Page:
- The Washington Times - Sunday, November 30, 2003

New York has the Christmas show at Radio City Music Hall and the Rockefeller Center Christmas tree. Florida has the sunshine and the theme parks. But truth be told, when it comes to a December vacation, the nation’s capital is not high on many people’s list.

Maybe it ought to be.

“This may be the best time of all to visit the city, because you don’t see the crowds, you get to see the monuments and you get to have the good times without having to push your way through,” said Delegate Eleanor Holmes Norton, the District’s nonvoting representative to Congress.

The period from Thanksgiving week through Martin Luther King’s birthday traditionally marks the slow season for hotels, restaurants and other firms dependent upon travelers drawn to the area for government business.

According to Mrs. Norton, D.C. Democrat, this might be the best holiday tourism season for visitors to Washington since 2000. Many of the attractions that have been closed since the September 11 terrorist attacks now are open, although visitation policies have been modified for security reasons.

“We’ve got the White House to open up some of the tours, and we’ve gotten the Capitol completely opened up, so there’s really nothing you can’t see if you come to Washington now,” Mrs. Norton said.

White House tours for groups of 10 or more can be arranged through the offices of members of Congress up to six months in advance. Visits should be scheduled at least one month in advance. Tour hours are between 7:30 a.m. and 11:30 a.m. Tuesday through Saturday.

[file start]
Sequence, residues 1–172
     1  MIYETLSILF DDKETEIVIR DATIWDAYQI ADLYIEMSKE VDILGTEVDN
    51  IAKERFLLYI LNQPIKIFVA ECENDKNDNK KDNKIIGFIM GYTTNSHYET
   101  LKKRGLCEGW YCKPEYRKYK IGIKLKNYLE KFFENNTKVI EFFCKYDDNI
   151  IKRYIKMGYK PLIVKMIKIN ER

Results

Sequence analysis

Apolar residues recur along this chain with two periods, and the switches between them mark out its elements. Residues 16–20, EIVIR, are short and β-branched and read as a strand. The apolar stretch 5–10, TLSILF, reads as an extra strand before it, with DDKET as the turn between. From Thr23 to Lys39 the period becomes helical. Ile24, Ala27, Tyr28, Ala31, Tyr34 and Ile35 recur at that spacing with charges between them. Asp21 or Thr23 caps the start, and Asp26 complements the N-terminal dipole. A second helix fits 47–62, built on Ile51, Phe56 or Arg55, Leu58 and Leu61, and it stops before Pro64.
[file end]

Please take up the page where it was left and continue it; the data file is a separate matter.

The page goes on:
Guided tours of the U.S. Capitol are available between 9 a.m. and 4:30 p.m. Monday through Saturday. Both the Capitol and the White House are closed on Christmas.

The 80th lighting of the National Christmas Tree will be Dec. 4 on the Ellipse, near the White House. Entertainers taking part include Shirley Jones and the cast of the musical “Mamma Mia.” The U.S. Capitol tree lighting is one week later.

“You not only have the experience of a beautiful city, but an incredible array of art and performance arts,” said Dorothy McSweeny, chairwoman of the D.C. Commission on the Arts and Humanities.

The National Theatre, Ford’s Theatre, Kennedy Center and other venues are offering special holiday presentations. In addition to their collections, many of the Smithsonian Institution’s museums offer special exhibits during the winter months.

“We have more free things to do in Washington than in any other city in the world.” said William A. Hanbury, chief executive officer of the Washington, D.C. Convention and Tourism Corp. There are a total of 650 memorials and national historic sites in the District, most located away from the National Mall.

“You could spend weeks going to each one of them, and they are all for free,” Mr. Hanbury said.

In recent months, the tourism and hospitality industry in the national capital region has recovered to activity levels prior to the terrorist attacks.

Mr. Hanbury’s group is spending $500,000 to promote its third annual “Holiday Homecoming” tourism campaign. Much of the money will be used to purchase ads in major newspapers within driving distance of the District. Hotels are offering special discount rates, and tickets to some holiday events are being offered at discount as part of the package, Mr. Hanbury said.


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